This produced a pre-tax Internal Rate of Return of 18.6% and a Net Present Value (“NPV”) of US$4.79 billion at a 5% discount rate before tax, or $2.76 billion at a discount rate of 8%. The project maintains very robust margins, where the production cost of copper drops to -$0.32 per pound after application of molybdenum, gold and silver credits, and pays back capital in 4.7 years.
The current development program has focused on defining a rich core starter pit, reducing overall capital costs and optimizing economics, , and an increase in the process rate to 120,000 tonnes per day, along with completion of environmental studies. Revenue flows should also increase due to higher metals prices.
In early 2010 deep earth imaging surveys at Schaft Creek confirmed that the southern portion of the deposit is approximately 1,500 meters wide and 250 meters deep and has been well tested by diamond drilling across its width. The relatively undrilled northern portion has a different geophysical signature that is about 1,500 meters wide and is open at depth below 500 meters, and extends for approximately 800 meters to the east under Mount LaCasse.
In the second half of 2010 additional technical studies confirmed that the deposit extends to the north and south for a total strike length of 3,200 meters, and that the center of the deposit contains an anomaly that measures 1000 meters in length and 500 meters in width and is open at depth.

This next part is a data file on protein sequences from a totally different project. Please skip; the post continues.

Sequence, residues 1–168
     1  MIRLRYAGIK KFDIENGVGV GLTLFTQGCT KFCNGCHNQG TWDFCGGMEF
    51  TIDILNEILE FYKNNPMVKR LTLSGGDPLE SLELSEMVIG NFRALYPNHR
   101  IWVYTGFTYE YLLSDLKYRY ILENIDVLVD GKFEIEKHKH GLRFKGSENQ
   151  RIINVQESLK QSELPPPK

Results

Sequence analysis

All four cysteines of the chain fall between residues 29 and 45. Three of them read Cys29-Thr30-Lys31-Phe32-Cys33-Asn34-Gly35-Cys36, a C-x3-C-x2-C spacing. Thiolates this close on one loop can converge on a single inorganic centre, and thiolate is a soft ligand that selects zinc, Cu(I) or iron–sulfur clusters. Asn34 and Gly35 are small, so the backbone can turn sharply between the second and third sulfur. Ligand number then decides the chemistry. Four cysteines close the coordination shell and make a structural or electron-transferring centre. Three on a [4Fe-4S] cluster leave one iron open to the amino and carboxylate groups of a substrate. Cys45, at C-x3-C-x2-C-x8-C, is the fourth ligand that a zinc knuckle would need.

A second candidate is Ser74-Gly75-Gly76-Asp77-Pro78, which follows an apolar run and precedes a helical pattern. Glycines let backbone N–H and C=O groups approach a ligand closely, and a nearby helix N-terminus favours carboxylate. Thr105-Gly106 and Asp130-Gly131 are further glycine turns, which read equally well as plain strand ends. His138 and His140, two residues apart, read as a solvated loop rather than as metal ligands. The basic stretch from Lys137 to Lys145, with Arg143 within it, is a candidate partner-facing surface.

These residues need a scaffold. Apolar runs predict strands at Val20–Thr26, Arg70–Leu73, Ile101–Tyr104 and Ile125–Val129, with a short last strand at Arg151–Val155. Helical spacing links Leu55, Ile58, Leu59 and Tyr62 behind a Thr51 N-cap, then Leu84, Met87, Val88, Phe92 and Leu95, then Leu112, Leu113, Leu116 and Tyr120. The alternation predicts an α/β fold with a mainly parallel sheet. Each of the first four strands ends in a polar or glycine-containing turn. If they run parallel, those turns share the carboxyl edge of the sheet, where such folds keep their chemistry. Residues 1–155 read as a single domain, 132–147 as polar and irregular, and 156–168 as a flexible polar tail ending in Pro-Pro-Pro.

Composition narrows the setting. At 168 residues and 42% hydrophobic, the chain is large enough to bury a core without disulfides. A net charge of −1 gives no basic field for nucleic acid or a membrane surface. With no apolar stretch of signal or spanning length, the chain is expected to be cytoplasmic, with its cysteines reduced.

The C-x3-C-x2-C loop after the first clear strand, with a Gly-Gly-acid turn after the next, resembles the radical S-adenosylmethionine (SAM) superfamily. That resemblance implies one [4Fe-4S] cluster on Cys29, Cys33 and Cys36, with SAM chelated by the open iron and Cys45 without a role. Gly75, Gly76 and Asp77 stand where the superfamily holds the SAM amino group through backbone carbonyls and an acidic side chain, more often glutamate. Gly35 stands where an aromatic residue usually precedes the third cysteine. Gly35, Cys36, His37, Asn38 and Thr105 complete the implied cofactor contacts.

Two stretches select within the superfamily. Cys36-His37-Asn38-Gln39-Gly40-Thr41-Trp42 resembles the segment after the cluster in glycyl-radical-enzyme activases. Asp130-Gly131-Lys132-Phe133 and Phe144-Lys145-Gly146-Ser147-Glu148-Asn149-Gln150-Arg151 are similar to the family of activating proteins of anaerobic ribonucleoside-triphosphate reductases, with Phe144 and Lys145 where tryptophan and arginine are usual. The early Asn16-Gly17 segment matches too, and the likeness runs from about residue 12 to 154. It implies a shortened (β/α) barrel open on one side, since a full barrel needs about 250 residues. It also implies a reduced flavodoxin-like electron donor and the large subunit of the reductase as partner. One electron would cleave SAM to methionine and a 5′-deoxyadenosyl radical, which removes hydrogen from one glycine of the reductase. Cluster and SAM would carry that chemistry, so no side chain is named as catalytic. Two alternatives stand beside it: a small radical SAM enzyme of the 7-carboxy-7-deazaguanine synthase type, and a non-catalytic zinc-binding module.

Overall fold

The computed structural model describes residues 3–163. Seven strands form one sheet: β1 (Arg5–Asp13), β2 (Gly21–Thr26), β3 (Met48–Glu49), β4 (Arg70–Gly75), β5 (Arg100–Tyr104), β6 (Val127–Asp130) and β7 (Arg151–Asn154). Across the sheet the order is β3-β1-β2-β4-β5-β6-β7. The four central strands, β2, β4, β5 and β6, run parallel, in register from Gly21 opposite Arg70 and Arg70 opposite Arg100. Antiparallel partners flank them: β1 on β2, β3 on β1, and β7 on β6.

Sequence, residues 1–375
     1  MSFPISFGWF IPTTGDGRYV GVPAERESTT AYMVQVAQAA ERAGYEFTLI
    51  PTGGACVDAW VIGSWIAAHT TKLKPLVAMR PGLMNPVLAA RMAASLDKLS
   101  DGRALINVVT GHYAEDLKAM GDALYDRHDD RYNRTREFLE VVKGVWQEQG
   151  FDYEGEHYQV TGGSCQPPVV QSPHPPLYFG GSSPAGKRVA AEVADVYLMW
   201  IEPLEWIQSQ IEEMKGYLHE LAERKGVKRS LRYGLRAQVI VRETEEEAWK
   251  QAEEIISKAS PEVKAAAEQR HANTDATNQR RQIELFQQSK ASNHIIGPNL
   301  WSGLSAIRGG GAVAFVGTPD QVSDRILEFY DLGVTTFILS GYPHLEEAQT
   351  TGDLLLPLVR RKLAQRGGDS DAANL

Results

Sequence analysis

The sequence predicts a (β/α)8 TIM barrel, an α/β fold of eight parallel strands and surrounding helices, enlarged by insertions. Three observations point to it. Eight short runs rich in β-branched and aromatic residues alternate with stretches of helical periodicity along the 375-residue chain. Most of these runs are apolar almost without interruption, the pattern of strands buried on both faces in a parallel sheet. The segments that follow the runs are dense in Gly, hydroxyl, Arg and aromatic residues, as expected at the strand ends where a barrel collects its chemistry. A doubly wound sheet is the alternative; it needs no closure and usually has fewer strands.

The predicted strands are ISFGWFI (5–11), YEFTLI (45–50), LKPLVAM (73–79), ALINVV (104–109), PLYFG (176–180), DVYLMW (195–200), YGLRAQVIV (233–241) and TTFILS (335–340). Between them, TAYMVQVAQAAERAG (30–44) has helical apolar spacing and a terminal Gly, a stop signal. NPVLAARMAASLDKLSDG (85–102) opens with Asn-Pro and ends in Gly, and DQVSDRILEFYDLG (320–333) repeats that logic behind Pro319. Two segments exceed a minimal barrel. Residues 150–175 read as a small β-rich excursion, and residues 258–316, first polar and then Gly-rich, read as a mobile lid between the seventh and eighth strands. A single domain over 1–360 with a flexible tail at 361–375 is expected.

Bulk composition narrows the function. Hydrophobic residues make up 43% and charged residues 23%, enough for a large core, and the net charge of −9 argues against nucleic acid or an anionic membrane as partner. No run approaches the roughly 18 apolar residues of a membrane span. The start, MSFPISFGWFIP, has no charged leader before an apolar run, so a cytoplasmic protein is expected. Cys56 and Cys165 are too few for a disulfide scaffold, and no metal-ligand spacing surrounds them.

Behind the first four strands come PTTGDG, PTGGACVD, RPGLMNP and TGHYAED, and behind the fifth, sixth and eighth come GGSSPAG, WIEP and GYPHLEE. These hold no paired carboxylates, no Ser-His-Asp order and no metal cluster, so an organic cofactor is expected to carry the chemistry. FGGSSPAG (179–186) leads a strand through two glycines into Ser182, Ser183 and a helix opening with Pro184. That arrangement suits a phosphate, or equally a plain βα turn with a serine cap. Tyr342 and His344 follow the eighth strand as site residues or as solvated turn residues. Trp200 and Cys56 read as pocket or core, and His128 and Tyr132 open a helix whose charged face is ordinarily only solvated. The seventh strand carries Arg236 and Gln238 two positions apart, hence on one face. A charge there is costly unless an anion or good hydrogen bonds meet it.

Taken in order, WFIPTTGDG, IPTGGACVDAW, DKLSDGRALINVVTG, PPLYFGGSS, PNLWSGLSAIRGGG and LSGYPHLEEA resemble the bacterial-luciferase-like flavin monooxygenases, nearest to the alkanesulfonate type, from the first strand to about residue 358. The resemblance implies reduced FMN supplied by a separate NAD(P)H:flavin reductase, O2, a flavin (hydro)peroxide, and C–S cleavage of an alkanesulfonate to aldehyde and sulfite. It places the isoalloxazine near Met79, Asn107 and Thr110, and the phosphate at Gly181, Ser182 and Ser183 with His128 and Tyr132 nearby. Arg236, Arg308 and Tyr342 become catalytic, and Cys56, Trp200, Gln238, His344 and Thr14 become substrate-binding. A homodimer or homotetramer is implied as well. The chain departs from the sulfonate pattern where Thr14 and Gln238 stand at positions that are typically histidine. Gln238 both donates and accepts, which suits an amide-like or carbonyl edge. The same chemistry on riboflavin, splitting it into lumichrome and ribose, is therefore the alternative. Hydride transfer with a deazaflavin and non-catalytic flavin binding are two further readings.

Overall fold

In mid 2010 diamond drilling commenced on a higher grade starter pit, measuring 600 meters in length by 200 meters in width. DDH CF398 immediately extended the vertical extent of copper mineralization from 225 meters to 450 meters and was still in copper and molybdenum mineralization at the end of the hole.
DDH CF399 cut mineralization from a very shallow depth of 9.14 meters over an interval of 508.1 meters at a copper equivalent grade of 0.67%, extending mineralization 175 meters to the east, and adding an extra 125 meters to the resource at depth.
DDH CF401 cut mineralization from a depth of 5.66m over an interval of 489.5 meters at a copper equivalent grade of 0.75%, extending mineralization a further 130 meters to the east and an additional 100 meters at depth.
CF399 also intersected 54.5 meters of copper equivalent ore grading 0.94% at a depth of 462.7 meters, and CF401 had even a higher grade of copper equivalent ore grading 1.17% over 83.8 meters at a depth of 345.4 meters. (why not update this to include DDH 403 and DDH 405 as well?
Based on deep earth imaging and current drilling, it looks extremely likely that the mineralized tonnage could grow substantially, and the current work program will have a very positive impact on the development of the feasibility study.
Teck projects copper demand will outpace supply, and in 2020 will require new mine production of 6.6 million tonnes per year. That will require the addition of 44 mines producing 150,000 tonnes of copper per annum. Teck carries a market capitalization of $30 billion, projects a cash balance of $9 billion in 2013, and is very bullish on copper and focused on development of new and large copper projects.
Under this bullish copper scenario Schaft Creek looks set to have a bright future.